We're going. The following data set in this problem and what we're trying to see is if the mean drying time is the same for each type of paint. So let me just write down our no little alternative hypotheses here or no hypothesis, this plan will work. Yes or no hypothesis. Is that the mean for each treatment group is the same. So we have four treatment groups that will have four means, and they're all the same. That is our no hypothesis And our alternative hypothesis is that not Oh, the means are the same means for each treatment group are the same. So in order to figure this out, we have to take in a nova test. And to do that, we use what we call in a nova table. This is a neat way to capture all our information. The first thing we're going to do is find the sum of square of our treatments. But in order to do that, we have to calculate, um, the sample mean for each, um, each population here. So the sample mean for paint one is equal to the sum of all of these divided by the number of elements. So we get a sample mean of 13.3 Simple mean for two is equal to 1 39 Oh, sorry, I meant one 33 13.1 33 1 39 If these cars will work, Sample mean for the third population is 1 36 sample mean for the fourth population is 1 44 So using this information we're going to find or grand mean so our grand mean is equal to the sum of each individual mean divided by the number of individual means. We're just taking the average of the each sample mean and we get a value of 1 38 So now, using this 1 38 we can come up with a sum of squares for a treatment group which is equal to the sum from J equals one. And J is just a counter to the number of treatment groups that we have times number of elements in each treatment group times the difference between each sample mean and our grand me squared. So this is going to be equal to five times 1 33 minus 1 38 1 33 minus 1 38 squared plus five times 1 39 minus 1 38 squared plus five times 1 36 minus 1 38 squared plus five times 1 44 minus 1 38 squared. And we get a sum of squares of our treatment of 330. So in here we can update this value. This is 330. The next thing we're going to do is find the sum of square of our treat of our total. And this is equal to the difference between each individual value and the grand mean squared. So we're going to take the difference between 1 28 and our grand mean of one 38. So 1 38 or 1 28 year minus 1 38 squared 1 37 minus 1 38 squared 1 35 minus 1 38 square. And we're gonna do that all the way until 1 53 minus 1 38 squared. And now we're gonna take the sum of all those differences. So we get a sum of squares or treatment of our total. Sorry to be, uh, where is it? Some squares of our total to be 10 22. So beautiful, you 10 22. And now we're going to find the sum of square of our error, which is equal to the sum of squares over a total minus the sum of square of our treatment that is 10 22 minus 6 92 It's and then that is equal to Bert. Sorry, 10 22 minus 3 30 which is equal to 6 92 So we have a sum of squares of errors of 6 92 and now we're going to find the means square where treatment mean square of our air. And in doing so, we will find the degrees of freedom for each. So the mean square of our treatment group is equal to the sum of squares of our treatment group over the two years of freedom for Treatment group. And as we know, the degrees of freedom over treatment group is equal to the number of treatment groups minus one. So we get 3 30 and because we have four treatment groups with 3 30 over three, which is equal to 1 10 So we have a degrees of freedom of three mean square of 1 10 and the mean Um square for error is equal to sum of square of our squares of our error over the degrees of freedom for our error, the degrees of freedom for our error is equal to the end of the total minus the number of treatment groups which is equal to We have a total number of elements of 20 minus four treatment groups. I get this 20 by counting the number of each individual items of 12345 I have four rows, so that's 20 elements. So 21 is for is equal to 16. So I have a sum of square errors. To be 6 92 over 16 is equal to 43.25 You know him? I know the table to this here is equal to 16 and this is equal to 43.25 and I have to find the degrees of freedom for our total degrees of freedom. For a total I simply the end of our total. The number of elements we have minus one. And as we just discovered, our we have 20 total elements and that minus one is equal to 19. So we have a degrees of freedom for a total between 19 and now we're going to find a F statistic thief. Statistic is simply the means square of the treatment over the main square of our air is equal to 1 10 over 43.25 which is equal to approximately 2.54 And now, using Excel, we confined a p value for that O. R P value is going to be equal to and this is a formula. If d i s t our f statistic, our the degrees of freedom for our treatment. Just three years of freedom for our error, which is 16. And then this yield the value of approximately 0.93 And now we're asked to test our 0.93 p value against our Alfa of 0.5 So because 0.93 is greater than 0.5 there is not sufficient evidence to reject the no. So what that means is that we do not have sufficient evidence to support the claim that the means for the four treatments are not equal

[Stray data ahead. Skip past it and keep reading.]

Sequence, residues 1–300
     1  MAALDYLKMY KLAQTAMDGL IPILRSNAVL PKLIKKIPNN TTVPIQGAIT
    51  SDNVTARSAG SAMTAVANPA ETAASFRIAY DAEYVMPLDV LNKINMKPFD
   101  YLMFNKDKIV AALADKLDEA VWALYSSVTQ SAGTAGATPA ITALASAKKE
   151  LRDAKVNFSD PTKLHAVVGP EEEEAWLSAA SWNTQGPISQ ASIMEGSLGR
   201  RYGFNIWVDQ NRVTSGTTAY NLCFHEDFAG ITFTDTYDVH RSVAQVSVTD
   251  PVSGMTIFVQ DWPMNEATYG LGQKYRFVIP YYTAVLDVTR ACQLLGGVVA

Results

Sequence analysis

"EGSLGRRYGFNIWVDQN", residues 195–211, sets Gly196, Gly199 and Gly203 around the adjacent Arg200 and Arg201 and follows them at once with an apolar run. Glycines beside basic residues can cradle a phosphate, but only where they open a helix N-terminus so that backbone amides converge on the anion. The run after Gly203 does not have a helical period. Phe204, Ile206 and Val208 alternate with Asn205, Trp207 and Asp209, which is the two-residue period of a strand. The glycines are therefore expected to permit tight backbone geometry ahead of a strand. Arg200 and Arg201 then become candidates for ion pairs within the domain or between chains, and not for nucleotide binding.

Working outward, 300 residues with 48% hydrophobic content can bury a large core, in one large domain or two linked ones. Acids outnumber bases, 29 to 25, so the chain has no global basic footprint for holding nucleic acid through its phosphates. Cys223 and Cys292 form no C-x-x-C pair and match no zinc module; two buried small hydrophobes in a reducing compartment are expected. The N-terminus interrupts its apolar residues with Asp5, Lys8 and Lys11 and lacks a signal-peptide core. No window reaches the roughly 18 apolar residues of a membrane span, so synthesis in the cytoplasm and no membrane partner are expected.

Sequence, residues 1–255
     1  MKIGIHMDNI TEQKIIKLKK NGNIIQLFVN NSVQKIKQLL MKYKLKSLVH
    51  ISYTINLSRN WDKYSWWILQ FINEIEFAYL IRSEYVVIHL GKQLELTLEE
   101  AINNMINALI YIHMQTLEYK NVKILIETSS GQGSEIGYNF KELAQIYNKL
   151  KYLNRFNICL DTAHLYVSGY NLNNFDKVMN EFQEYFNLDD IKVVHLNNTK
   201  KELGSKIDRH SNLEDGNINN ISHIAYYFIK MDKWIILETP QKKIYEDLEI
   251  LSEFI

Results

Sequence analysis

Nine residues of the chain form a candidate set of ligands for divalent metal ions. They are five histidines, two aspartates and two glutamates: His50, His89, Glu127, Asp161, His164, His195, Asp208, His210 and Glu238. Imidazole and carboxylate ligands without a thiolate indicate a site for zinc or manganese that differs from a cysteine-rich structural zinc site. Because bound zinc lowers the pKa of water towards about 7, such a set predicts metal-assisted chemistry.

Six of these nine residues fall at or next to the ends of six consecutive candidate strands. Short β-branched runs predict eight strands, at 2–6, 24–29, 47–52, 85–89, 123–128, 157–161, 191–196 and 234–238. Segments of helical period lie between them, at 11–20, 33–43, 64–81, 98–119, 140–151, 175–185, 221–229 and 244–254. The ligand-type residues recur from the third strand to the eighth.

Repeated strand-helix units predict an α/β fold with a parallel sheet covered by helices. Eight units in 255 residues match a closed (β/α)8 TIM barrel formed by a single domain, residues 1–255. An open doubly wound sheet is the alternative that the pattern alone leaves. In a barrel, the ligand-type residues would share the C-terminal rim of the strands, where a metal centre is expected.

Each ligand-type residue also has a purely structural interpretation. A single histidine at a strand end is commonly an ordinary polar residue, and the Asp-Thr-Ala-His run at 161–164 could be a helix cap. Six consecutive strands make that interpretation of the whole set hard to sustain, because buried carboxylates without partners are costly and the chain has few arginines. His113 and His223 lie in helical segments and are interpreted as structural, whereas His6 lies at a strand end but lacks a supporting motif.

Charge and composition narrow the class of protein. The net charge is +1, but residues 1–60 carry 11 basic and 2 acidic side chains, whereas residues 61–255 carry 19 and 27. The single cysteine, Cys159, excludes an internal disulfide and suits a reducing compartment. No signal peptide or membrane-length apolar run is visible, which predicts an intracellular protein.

So this question is asking us to figure out if Marcella takes a shower for seven minutes. Is that unusual? So, basically, is that an out liar? So how do we figure out out flyers for that? We first need to know what distribution The data's following. And they've told us that her shower data follows a normal distribution. Um, so basically a normal distribution has a school table called See Table for if you know the Z score. Um, any area to the left off it is the probability of that happening. So let's first find out the Z score off her, taking a seven minute shower So the formula for a Z score is equal to X minus mu over the standard deviation. Andi, In this case, the X that we're trying to figure out is seven minutes. Her usual shower time is 4.5 minutes. Onda the standard deviation of 0.9. If you plug all this into a calculator, you kid 2.78 approximately, Um, now we need to find out if that's more than her usual. So we need to find the Z scores for, like, what's her usual range on to do that, we will first find out disease score off the 25th percentile. So the probability that X is less than 0.25 So this whole curve, the area under this whole curve is equal to one. And, um, if the area 0.25 under the curve, uh are obviously that corresponds to a 25%. Probably so to find out the Z score of that, we need to look at this whole table and find where 0.25 is. Um, it's kind of like a lot of numbers, but they all follow pattern. And soon you'll find that in this 0.67 row, the numbers are closer to 2.5. So 0.25 on and this is where is your 0.25 would line between, um this number is closer. So let's go with this. And I would figure out which call him this lies and you just go up this way. Find out it's in 0.7 So the problems are Z score. Ah, for this probability is equal to Z is equal to negative 0.6 plus 0.7 is equal to negative. So porn 67 One thing to notice here is that this is negative 0.6 But this is not just a regular edition. This is just, like, more off appreciate position, a precision maker. So you just really add what this value is off to that decimal place. So it's not actually negative. 0.6 plus 0.7 It's just negative 0.6, and then you're giving it more precision by adding that 0.7 part. So that's a Z score. The precision matters because these probabilities, um, small numbers make a big difference. So that's a Z score for the 25th percentile, uh, disease score for the 75th percentile. So it let me p off X greater than 0.75 We don't have to look at the table, and this table wouldn't even tell us that, because it's for values up to 4.641 so we wouldn't even get 75 from here. But that's because this table is not telling us the area to the right of the curve. It's only telling us the area to the left and it's only telling so certain part, so we can just use some cleverness. Figure out that so this is a symmetrical curve. Um, if this is 25% of the area, um, this should be 25% of the area to the right, which is the area greater than 75. So and since this is centered on zero and this is the metric curve, the negative value of this should be the positive value we're here. Which would be in our case, we got negative 0.67 So there should be positive 0.67 So we found, um, the ranges for the Z score. So anything between negative 0.67 to 0.67 is the Z score off her regular shower times. Now we need to figure out if, um, her 2.78 see score is an outlier. So we take these 25th percentile and 75th percentile, and we calculate the inter quartile range first. So that's like you are. The formula is Q three minus. Q one is equal to well in this case is just 0.67 plus 0.67 and that is 1.34 Um, to find out the out liar, we use a formula that and uses like you are, um, so anything that is more than 75 more than 75 percentile, plus 1.5 times the I Q R, which in our case is 0.67 plus 1.5 times 1.34 and this is equal to 2.68 So we found this number. Anything above this number is an outlier, uh, and then, um, the score for her when she takes a shower for seven minutes. This is for seven minutes. It's 2.68 So So it's 2.70. So 2.68 is lesson that therefore it's not that for taking shower for seven minutes for her is not liars. So let me quickly right That statement down since 2.78 is greater than 2.6 A. A seven minute faour is an outlier part B. So Part B is asking us, Look at the question real quick. Suppose we choose 10 days at random and record length of Marcella Showers each day. What's the probability that our shower time of seven minutes or higher on these two of the seven days sure work s so we're gonna have to use some probability for this. But the first step is to find out the sea score. So we already did that in the first part. So we found out the Z score for for regular shower for seven minutes is seven point four or 57 minus 4.5, divided by 0.9, which is equal to approximately 2.78 Um and we just have to find out what is the corresponding probability off the shower happening. So we already noted, outlined from the first part. So basically, we have to find out what is, Ah, probability off X being greater than this amount being greater than seven, which is equal to the probability off Z score being greater than 2.78 So basically, this part is over here, and this part is over here, they're the same thing. But this is the language of X, and this is the language of C. They're the same thing. Um, since we are, table is only with negative values. Weaken use symmetry thing that we use in the first part and find out Z score being less than negative. 2.70. Ah, Now we have to go up and find the values. So 2.678 sorry to 0.78 would be between 2.7 and 2.8 on bond. We can use 2.7 and go to the 0.8 part on. So this is that on the eight part here to go down this row and hit this goal. This is our number 0.27 because we're trying to find the probability no z score less than that. There a 0.27 Um, that's a probability of ex being greater than seven. Andi Probability Off X being less than or equal to seven. Yes, the probability off a Z score less than 2.70. Sorry. Yeah, less than 2.789 I removed the negative sign. So it's different. And that would just be one minus 0.27 Which is it? Cool to 0.9 973 Okay, so we found the probability off something being greater than seven and the probability of something being less than seven. Um, obviously the probably of something being less than seven is much higher because she very rarely takes a shower that's longer for seven minutes longer than seven minutes. And now we're asked to find the probability in this question that at least two days, at least two days out of 10 I was gonna write this slash. But it's not divided out of 10 are greater than seven. So this probability at least two days off out of 10 is greater than seven. So there's two ways this could happen. Um, week. Sorry, there's there's like so many ways this could happen either. The first day could be seven minutes long and heard they can be set. Seven slowing or the first they can be. Assignments on the fourth day can be seven, as long basically goes on and on and on their so many combinations, but based the quicker ways to take all the possible combinations of her taking a shower. Um, lesson earlier than seven minutes long on finding out the probability that none of her days zero off 10 days is greater than seven. Andi also subtracting from that The probability off one of 10 days is great. It's having good part of me. So that kind of encapsulates this exact same probability. So at least two days out of 10 being greater than seven is the same as all the days except the days where, UM, none of the days were greater than seven on. Only one of the days was greater than seven. So we just have to use these two probabilities. Andi, subtract that from the hole and we can find the same question we were looking for. That's what this question we're looking for. So that would be one minus zero off, 10 days great and seven. So we found the probability off that this is the probability on one day her shower is great and seven, and we multiply that with the number of days we have. So that's the same as taking the power off it. So 0.9973 raised to 10 because for each day we have to multiply. Um, that probability minus 10 times zero point nine 973 race to nine times the probability that one day was greater than seven. That was very small probability. So that's number we're gonna use the reported 00 to 7 on that is going to be equal to zero point 000323 So deconstructing this might be a little difficult because it takes in several probability rules. But basically, um, the rule that were user the p of A and be is equal to p of a times P f B on the p off, not a is equal to one minus p of a. So we used the one minus p of a part here when we did one minus p. Of all the stuff on the p of a types pf be is when we did the multiplication here. So the final part of this question sorry for being so long find the probability that the mean lent off her shower time on these 10 days exceeds five minutes. So this is not gonna be that, but this is not gonna require too many laws. We just first find out the Z score off her shower, taking five minutes, and that is five minus 4.5 over 0.9 divided by Route 10 just applying the formula Disease core, which is 1.76 And now we use the P off X greater than five. So that was a Z score for fire, so we already know that. So this was a Z score for five. So we already know how to convert this to Z language. So p off the sea, being greater than 1.76 And since our table only has negative numbers, weakened issues, the fact that it's symmetrical 1.76 So we need to find disease probability of Z score being less than 1.76 Go back to our table. Uh, being less than 1.76 So it's 1.7 is over here on. We find there are six here we go down this column and we get this number. Sarah 0.392 That's a probability